Abraham C. Myers (May 14, 1811 – January 29, 1889) & Marion Isabelle Twiggs Myers (May 4, 1838 – November 12, 1893)
When Marion Isabelle Twiggs, the daughter of United States Army General David E. Twiggs, the commander of the United States forces in Texas, first met one of his staff officers, Colonel Abraham C. Myers, she immediately fell in love. Shortly after, because of ongoing conflicts with the Seminole Indians in Florida, her father and Myers were moved to Florida. Twiggs was responsible for leading the troops at Fort Brooke, now known as Tampa Bay, Florida, while Myers became the chief quartermaster. While at Fort Brooke, Abraham, and Marion continued their romance and became engaged. Twiggs supported their engagement, even though Myers was 39 and his daughter was only 13.
On February 14th, 1850, the War Department instructed Twiggs to build a fort on the Caloosahatchee River again. He named the fort Fort Myers “to show respect for his future son-in-law and make his daughter happy.”
Several years later and before the Civil War, Myers was posted to Washington. Marion “was the reigning queen at Willard’s and a favored guest at every fashionable house. Her dancing was perfect, her tact equal to it, and her beauty even more exceptional“.
Like his father-in-law, who turned over the Federal forces under his control in Texas to the Confederacy at the start of the Civil War, Myers did the same with his forces in New Orleans, Louisiana, before promptly resigning from the US Army. He was appointed as the Quarter-Master General of the Confederate Army in 1861. Hindered by the lack of money and bad railroads, Myers needed help supplying the Confederate forces, which led to his removal from his position in early 1864. Angry at his treatment, he left the country and took his family to Germany, where they stayed until 1876.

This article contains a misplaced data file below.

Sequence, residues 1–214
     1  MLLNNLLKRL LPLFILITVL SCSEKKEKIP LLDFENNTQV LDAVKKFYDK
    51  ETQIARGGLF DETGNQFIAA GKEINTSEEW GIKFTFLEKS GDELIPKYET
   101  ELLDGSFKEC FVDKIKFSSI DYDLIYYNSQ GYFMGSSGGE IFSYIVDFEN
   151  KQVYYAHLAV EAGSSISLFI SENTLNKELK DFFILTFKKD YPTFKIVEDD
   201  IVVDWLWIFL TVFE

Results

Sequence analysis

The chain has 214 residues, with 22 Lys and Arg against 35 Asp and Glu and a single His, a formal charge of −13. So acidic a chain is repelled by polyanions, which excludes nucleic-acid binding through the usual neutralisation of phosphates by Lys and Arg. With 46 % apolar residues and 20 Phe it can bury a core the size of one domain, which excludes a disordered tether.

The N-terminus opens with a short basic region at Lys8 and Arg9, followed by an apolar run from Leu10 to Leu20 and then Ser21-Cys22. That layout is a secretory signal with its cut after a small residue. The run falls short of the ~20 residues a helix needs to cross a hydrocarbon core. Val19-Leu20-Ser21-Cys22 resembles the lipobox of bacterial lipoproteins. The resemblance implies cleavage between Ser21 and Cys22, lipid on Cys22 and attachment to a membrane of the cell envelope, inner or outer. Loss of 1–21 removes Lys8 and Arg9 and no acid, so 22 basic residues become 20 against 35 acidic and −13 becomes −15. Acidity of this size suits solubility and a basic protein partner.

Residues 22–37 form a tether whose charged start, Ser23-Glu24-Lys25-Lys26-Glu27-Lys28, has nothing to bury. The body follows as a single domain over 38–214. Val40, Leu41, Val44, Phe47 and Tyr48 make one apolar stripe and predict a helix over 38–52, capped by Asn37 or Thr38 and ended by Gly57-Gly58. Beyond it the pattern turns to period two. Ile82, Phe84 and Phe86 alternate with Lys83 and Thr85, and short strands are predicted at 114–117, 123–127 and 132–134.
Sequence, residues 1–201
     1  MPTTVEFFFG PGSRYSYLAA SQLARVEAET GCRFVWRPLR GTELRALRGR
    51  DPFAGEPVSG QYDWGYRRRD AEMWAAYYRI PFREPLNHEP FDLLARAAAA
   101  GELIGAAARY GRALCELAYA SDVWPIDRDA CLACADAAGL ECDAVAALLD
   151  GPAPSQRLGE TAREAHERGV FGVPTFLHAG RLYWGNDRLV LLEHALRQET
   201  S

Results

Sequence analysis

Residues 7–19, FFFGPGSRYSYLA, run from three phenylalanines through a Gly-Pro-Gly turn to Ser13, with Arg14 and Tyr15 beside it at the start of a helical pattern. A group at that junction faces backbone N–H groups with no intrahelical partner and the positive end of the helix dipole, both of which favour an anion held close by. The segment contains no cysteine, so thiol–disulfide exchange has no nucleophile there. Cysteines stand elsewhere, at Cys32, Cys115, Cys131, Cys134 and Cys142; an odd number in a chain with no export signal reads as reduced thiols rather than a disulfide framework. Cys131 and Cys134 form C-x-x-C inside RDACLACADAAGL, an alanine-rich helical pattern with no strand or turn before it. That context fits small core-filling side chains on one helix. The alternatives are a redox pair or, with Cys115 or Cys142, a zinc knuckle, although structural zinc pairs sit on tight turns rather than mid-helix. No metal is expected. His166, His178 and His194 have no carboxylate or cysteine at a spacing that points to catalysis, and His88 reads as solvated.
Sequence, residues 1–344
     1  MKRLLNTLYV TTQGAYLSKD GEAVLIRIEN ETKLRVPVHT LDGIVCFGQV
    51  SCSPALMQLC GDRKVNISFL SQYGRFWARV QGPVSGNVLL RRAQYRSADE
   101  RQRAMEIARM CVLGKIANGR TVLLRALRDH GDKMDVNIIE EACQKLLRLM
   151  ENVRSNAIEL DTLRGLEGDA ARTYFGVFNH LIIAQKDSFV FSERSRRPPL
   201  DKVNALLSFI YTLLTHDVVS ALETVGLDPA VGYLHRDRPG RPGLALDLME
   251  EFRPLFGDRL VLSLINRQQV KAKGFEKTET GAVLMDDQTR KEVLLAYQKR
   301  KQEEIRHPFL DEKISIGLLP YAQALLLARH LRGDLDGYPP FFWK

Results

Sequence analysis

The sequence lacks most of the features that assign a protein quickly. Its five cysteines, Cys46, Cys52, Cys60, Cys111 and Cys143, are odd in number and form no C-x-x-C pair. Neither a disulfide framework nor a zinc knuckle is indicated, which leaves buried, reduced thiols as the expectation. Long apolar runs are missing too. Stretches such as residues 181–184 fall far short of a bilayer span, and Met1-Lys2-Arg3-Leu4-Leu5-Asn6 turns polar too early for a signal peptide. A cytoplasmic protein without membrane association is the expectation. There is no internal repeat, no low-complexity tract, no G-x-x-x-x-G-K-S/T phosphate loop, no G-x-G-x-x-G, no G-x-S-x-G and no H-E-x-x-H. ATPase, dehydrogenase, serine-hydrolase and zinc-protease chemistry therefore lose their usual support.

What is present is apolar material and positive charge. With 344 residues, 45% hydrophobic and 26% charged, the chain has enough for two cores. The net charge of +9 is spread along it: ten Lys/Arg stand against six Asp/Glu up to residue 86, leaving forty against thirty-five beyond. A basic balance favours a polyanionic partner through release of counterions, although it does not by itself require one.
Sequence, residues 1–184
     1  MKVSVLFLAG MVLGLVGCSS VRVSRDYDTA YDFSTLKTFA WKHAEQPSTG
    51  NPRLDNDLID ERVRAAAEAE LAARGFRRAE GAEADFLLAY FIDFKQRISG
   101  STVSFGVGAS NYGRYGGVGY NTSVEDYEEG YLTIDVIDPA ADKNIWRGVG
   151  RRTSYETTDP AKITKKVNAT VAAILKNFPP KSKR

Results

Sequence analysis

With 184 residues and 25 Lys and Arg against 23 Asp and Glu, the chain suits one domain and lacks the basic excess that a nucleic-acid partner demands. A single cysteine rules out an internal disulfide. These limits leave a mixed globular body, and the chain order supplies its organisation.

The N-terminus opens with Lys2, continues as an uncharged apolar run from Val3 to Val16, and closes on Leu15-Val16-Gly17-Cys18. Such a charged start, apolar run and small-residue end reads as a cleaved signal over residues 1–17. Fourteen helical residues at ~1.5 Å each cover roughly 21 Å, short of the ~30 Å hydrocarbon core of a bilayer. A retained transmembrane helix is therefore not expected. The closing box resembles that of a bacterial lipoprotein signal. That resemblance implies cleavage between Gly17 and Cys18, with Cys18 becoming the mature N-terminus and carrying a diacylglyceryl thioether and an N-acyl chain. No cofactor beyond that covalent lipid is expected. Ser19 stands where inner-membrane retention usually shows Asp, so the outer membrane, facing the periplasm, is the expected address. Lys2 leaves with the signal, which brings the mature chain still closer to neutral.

The Myers family had four kids, including their son, Lieutenant General John Twiggs Myers. He was born on January 29, 1871, and passed away on April 17, 1952. General Myers commanded the United States Marines during the Boxer Rebellion in China in 1900. He also led expeditions to the Philippines from 1906 to 1907, Santo Domingo in 1912, and Cuba in 1913. General Myers was laid to rest in Arlington Cemetery.
Abraham passed away in 1889 and rests in St. Paul’s Cemetery. When Marion died four years later, she was buried beside her beloved husband, who captivated her during her youth in Texas in the late 1840s.
The City of Fort Myers, Florida, is named after the old Fort Myers.
|Gen. A.C. Myers|
died June 20, 1889
Graduated West Point, 1833
Gen. David E. Twiggs, U.S.A.
died Nov. 12, 1893
Then are they glad, because they
are at rest, and he bringers them unto
the heaven were they would be
|ABRAHAM C. MYERS|
Colonel Q. M. General
Confederate States Army
May 14, 1811 – June 29, 1889
Sources of Information
DeLeon, T.C. Belles, Beaux and Brains of the ’60s. G. W. Dillingham Company. New York. 1909.
Hakenson, Donald C. This Forgotten Land Volume II, Biographical Sketches of Confederate Veterans Buried in Alexandria, Virginia. Donald Hakenson. Alexandria, Virginia. 2011.
Pippenger, Wesley E. Tombstone Inscriptions of Alexandria, Virginia (Vol 5). Berwyn Heights. MD. Heritage Books. 2014.
Official website of The City of Fort Myers, Florida. Accessed March 2022.